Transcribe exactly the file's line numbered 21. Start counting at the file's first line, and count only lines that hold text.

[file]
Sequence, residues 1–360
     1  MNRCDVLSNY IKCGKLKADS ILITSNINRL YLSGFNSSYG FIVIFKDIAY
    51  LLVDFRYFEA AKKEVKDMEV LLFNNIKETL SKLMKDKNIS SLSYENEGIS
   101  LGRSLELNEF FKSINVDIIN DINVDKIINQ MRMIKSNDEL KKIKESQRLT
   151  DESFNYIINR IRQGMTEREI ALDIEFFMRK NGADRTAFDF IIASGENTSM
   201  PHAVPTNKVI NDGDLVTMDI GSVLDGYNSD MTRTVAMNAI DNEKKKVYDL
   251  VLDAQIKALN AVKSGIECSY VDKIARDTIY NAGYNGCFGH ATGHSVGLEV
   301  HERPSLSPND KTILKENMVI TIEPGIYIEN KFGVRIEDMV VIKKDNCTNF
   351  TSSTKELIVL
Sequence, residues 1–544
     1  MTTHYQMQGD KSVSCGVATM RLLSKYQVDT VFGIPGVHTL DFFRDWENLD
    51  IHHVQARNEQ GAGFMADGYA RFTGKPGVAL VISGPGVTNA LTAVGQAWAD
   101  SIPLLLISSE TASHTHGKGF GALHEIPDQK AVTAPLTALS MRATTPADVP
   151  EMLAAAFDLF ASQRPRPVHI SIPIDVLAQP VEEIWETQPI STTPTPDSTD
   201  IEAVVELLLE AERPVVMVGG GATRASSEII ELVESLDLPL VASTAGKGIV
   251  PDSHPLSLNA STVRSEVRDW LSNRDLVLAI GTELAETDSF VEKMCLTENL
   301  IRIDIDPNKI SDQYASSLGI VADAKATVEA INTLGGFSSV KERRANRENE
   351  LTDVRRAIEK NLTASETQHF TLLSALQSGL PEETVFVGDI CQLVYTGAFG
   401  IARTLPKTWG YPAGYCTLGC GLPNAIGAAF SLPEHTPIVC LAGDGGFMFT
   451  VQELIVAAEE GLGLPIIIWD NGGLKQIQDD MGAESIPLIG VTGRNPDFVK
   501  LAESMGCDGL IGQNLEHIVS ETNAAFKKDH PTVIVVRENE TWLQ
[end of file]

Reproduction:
   501  LAESMGCDGL IGQNLEHIVS ETNAAFKKDH PTVIVVRENE TWLQ